Age UK has vowed to address concerns around a lack of transparency after the Charity Commission branded its partnership with energy supplier E.on a "conflict of interest".
The Charity Commission's criticism follows media reports in February that Age UK "received £6 million a year from energy supplier E.on to promote" a fixed two-year energy tariff that "was more expensive than other tariffs available".
Age UK temporarily stopped offering the tariff after the claims.
A Charity Commission report published on Tuesday (19 April) found that customers weren't informed of the commercial relationship between the two organisations. It describes Age UK's "endorsement" of E.on's 'Age UK Fixed 2 Year v5 Online' tariff, which was launched in February 2015. The 'Age UK Fixed 2 Year v6 Online' tariff' was launched in January this year.
Research by MoneySavingExpert.com earlier this year found the 2015 two-year fixed E.on tariff was considerably more expensive than other two-year fixes on the market – see our full analysis.
Ofgem had initially agreed to look into the matter but will not launch an official investigation as it says it is satisfied that no claims were made about tariffs being the cheapest products on the market.
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What did the Charity Commission find?
The main concerns outlined in the report were:
- That the charity was not clear and transparent when communicating its links to or endorsements of specific products.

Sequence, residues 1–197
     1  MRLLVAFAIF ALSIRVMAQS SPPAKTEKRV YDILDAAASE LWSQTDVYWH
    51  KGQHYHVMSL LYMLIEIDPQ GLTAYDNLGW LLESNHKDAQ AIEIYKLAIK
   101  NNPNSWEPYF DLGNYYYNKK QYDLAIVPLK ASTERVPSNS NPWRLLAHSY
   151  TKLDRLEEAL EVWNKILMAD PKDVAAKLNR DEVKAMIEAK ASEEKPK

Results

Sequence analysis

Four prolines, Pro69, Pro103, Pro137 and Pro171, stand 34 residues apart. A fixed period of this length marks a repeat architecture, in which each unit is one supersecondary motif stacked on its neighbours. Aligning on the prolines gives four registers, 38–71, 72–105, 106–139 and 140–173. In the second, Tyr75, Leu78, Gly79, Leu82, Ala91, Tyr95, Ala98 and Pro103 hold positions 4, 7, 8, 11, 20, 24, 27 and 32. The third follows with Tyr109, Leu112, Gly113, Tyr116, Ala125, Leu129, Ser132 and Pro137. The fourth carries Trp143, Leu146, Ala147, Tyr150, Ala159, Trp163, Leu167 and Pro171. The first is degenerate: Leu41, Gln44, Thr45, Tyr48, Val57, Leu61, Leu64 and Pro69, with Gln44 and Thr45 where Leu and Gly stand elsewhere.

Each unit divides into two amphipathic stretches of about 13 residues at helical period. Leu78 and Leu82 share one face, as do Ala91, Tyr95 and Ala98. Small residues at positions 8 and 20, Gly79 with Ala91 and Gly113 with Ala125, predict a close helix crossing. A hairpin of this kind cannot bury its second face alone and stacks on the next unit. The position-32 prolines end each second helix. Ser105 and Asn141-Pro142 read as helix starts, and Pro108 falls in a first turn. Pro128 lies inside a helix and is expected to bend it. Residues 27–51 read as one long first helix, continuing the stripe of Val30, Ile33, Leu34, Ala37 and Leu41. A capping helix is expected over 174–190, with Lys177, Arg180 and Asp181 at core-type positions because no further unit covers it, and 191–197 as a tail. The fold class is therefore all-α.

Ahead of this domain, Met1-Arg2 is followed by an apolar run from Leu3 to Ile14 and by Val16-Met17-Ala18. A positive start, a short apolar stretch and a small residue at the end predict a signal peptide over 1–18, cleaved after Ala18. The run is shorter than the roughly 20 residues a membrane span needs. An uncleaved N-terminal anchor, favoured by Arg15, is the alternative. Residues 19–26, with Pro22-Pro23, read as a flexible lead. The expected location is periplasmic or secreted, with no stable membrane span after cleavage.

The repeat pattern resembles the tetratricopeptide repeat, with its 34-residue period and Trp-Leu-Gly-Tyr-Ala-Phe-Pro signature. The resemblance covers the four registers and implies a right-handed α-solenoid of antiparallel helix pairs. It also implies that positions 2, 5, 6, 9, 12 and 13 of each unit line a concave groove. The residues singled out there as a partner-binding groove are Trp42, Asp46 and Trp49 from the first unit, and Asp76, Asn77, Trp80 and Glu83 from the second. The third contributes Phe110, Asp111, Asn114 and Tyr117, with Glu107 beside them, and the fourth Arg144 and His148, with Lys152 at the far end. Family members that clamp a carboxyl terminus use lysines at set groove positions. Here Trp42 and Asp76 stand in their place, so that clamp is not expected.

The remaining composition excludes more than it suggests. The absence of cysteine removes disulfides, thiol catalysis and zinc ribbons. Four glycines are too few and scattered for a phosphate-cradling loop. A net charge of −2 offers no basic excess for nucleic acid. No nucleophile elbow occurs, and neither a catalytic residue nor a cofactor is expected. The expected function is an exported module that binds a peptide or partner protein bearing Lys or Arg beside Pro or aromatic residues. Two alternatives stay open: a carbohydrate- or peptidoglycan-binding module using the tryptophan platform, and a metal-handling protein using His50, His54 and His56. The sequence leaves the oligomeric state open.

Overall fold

- That the charity was not clear in communicating the meaning of "best value", and that because of the charity's endorsement of the products it was reasonable for customers to assume they would be the cheapest.
A Charity Commission spokesperson told us: "We will continue to engage with the charity to address any issues around partnership agreements including a process review, as it is important that charities outline fees paid to them, which wasn't made clear [in this case].
"We also didn't think the charity had considered the conflict of interest in promoting a product where the customers the product was being sold to were also beneficiaries of the charity."
What happens next?
The Charity Commission will be working with Age UK to help address the issues raised and Age UK has agreed to commission a review examining how it should ensure trading activities do not undermine the charity's main purpose of helping the elderly.
Having temporarily stopped the tariff in February, Age UK is yet to confirm whether it will be relaunching the product, but it has not ruled out endorsing other energy tariffs from E.on, or different suppliers, in future.
An Age UK spokesperson told us it will "follow the commission's advice in this report and any further advice the commission has to give us".
They add: "The commission is suggesting that we should take special care if we were to consider going back into energy and we would certainly do so.
"We accept we can never be too transparent and our trading arm needs a sharper demarcation from the Age UK charity."
Meanwhile, an E.on spokesperson says: "We continue to put our customers first; ensuring they have the information and tools they need to choose a tariff which best suits their needs".